In the last two years, Red Fork Energy Ltd. has proven itself to be the very definition of a “growing company.” The Tulsa, Okla.-headquartered company has grown its oil drilling operations in northern Oklahoma from 12 wells in 2012 to 40 wells in 2013, with no signs of slowing down.
“What’s occurred from the beginning of 2012 to now is almost like a startup company,” COO and President Chris Girouard says. “We’re a totally different company than what we were just two years ago.”
Red Fork Energy Ltd. first started acquiring leases in the Mississippi limestone formation in northern Oklahoma in 2010, after the decline in the price of natural gas prompted founder David Prentice to broaden its focus. Prentice, a native of Australia, founded the company in 2004 when he acquired property in a dry gas field in eastern Oklahoma.
After initially serving as a non-operator, Red Fork later began operating its own wells after Prentice hired engineers, geologists, landmen and other staff, Girouard adds.
The company today holds 77,000 acres of land in the Mississippi play, which extends over approximately 17 million acres in Oklahoma and Kansas. The limestone formation is a proven historic oil resource that has produced from thousands of vertical wells for more than 50 years, Girouard says.
A renewal in activity in the area commenced in the early 2000s. “This play is considered to be one of the premier on-shore United States horizontal liquids plays with very competitive development costs and relatively high estimated ultimate recoveries delivering compelling economics,” the company explains. “We are strategically positioned with a large – and growing – acreage position in the heart of the play.”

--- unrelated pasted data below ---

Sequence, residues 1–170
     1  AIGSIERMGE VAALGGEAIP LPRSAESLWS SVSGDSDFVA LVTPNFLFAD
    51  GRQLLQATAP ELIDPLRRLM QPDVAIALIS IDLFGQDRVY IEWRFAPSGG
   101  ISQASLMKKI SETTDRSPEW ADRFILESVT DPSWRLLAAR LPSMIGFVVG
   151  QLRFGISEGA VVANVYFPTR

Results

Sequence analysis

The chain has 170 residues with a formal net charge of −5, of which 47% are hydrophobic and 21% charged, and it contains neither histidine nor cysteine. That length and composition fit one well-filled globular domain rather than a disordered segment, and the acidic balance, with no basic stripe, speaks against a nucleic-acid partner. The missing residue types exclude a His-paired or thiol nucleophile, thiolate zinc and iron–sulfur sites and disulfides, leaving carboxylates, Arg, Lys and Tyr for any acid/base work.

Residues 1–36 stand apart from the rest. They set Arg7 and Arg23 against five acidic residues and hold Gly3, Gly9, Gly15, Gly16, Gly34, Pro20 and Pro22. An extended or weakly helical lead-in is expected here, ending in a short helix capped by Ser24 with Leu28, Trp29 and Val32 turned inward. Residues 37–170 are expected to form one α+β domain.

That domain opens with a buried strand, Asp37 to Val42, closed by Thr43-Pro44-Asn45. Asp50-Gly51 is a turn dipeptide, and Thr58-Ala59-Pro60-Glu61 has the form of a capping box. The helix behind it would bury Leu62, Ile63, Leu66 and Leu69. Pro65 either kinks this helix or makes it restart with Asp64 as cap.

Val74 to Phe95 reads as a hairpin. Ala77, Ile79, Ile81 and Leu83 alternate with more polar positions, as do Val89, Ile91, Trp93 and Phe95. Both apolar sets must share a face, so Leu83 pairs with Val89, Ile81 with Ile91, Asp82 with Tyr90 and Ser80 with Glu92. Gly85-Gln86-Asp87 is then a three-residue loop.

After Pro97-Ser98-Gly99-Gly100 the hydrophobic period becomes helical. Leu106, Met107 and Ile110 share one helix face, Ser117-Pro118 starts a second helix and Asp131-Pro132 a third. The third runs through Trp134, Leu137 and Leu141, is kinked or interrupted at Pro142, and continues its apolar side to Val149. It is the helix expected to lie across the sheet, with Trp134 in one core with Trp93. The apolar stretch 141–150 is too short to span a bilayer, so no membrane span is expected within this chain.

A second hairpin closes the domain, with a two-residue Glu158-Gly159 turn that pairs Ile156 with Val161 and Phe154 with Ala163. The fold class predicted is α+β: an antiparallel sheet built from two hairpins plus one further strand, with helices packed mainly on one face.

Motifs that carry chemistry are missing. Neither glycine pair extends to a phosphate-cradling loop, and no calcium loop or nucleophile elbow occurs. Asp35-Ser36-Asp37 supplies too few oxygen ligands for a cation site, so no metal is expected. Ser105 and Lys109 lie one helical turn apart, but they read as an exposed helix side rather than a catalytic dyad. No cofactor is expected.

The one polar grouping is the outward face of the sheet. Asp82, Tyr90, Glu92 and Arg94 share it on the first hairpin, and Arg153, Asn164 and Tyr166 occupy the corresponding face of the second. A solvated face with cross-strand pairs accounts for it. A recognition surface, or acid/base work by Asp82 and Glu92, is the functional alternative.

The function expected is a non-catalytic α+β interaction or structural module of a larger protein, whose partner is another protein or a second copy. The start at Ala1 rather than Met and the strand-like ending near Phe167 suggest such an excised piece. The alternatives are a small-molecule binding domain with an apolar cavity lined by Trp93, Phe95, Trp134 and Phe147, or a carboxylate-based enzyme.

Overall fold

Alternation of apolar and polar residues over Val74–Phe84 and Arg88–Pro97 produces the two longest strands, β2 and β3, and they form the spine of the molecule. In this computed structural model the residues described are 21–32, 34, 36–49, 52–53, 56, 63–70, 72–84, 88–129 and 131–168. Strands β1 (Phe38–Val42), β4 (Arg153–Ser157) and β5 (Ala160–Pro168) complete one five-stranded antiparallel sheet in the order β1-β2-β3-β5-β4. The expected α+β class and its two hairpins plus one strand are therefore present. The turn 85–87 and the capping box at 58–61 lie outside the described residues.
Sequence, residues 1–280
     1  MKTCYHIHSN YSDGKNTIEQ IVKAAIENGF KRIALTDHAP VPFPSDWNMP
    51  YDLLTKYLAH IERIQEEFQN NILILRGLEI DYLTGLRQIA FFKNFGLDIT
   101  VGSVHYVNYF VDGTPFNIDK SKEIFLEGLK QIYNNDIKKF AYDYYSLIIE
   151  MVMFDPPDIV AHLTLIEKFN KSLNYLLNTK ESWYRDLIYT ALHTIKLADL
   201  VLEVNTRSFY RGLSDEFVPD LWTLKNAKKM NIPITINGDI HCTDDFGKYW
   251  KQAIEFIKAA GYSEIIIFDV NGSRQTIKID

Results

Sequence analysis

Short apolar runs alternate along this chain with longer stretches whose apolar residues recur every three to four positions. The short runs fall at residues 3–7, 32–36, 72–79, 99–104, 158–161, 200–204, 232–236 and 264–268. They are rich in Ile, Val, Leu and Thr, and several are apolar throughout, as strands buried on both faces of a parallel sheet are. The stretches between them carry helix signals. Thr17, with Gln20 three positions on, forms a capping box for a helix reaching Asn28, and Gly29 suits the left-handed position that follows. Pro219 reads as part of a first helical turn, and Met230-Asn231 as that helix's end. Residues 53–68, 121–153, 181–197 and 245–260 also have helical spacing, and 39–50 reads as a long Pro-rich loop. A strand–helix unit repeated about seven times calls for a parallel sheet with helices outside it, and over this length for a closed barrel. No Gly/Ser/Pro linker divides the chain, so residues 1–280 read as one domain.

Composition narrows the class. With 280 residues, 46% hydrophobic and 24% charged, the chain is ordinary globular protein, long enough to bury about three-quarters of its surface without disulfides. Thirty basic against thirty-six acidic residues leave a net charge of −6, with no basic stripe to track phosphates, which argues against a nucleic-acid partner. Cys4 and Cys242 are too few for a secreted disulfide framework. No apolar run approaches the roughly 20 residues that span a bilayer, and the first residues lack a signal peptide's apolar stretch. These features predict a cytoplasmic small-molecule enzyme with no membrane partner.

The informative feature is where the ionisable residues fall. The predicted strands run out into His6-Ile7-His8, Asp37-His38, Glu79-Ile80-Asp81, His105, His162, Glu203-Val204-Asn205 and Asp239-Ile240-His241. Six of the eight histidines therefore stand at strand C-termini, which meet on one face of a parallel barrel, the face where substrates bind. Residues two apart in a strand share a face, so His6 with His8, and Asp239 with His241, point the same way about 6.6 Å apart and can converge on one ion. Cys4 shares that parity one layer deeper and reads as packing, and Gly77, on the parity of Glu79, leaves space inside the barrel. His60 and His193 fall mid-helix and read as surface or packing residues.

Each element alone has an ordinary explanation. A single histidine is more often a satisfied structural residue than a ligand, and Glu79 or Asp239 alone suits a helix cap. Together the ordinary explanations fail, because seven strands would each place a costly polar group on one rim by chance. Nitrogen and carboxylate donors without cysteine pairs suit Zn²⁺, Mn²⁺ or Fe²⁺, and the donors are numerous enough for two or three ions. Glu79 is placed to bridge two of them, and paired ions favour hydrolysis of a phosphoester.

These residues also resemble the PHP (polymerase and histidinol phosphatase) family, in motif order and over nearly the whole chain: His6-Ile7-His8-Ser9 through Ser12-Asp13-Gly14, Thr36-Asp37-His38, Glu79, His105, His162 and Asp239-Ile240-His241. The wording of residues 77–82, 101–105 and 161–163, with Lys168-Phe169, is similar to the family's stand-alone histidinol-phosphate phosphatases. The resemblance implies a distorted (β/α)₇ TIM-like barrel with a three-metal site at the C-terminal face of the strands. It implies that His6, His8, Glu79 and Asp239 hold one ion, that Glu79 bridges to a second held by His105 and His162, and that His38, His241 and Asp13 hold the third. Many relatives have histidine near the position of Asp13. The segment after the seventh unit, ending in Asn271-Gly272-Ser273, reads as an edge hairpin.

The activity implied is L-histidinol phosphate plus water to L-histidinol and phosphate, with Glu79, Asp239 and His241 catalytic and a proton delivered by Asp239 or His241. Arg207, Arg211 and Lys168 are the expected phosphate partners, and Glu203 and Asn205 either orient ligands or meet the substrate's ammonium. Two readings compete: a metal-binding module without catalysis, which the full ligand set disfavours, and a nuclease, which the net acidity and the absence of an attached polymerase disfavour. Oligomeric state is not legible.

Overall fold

The company is performing horizontal drilling and well completion operations at its Mississippi play holdings. All of Red Fork’s holdings are in the eastern part of the play, which had previously seen significant vertical oil production. The company estimates its current production at more than 3,000 BOE a day, it says.
Red Fork Energy’s anticipates operating more than 50 wells in the area by 2014. The company is also participating in drilling activities on wells operated by other companies on properties adjacent to its own, and working to expand its acreage, Girouard says.
In addition to its horizontal oil drilling activity, Red Fork Energy sees future potential in the Woodford Shale, which lays under most of Red Fork’s 77,000 acres of holdings. “Several operators have been achieving good results from the Woodford, so we’re starting to pay attention to that part of our acreage,” he adds.
The company retains its eastern Oklahoma natural gas operations, but has limited its activity on the 75,000 acres it leased there because of current natural gas pricing.
“With significant gas gathering, processing, compression and transportation facilities already in place in this project, we are exploiting opportunities to improve the economics of this play by leveraging off this infrastructure through third-party gas transportation and processing,” Red Fork Energy says.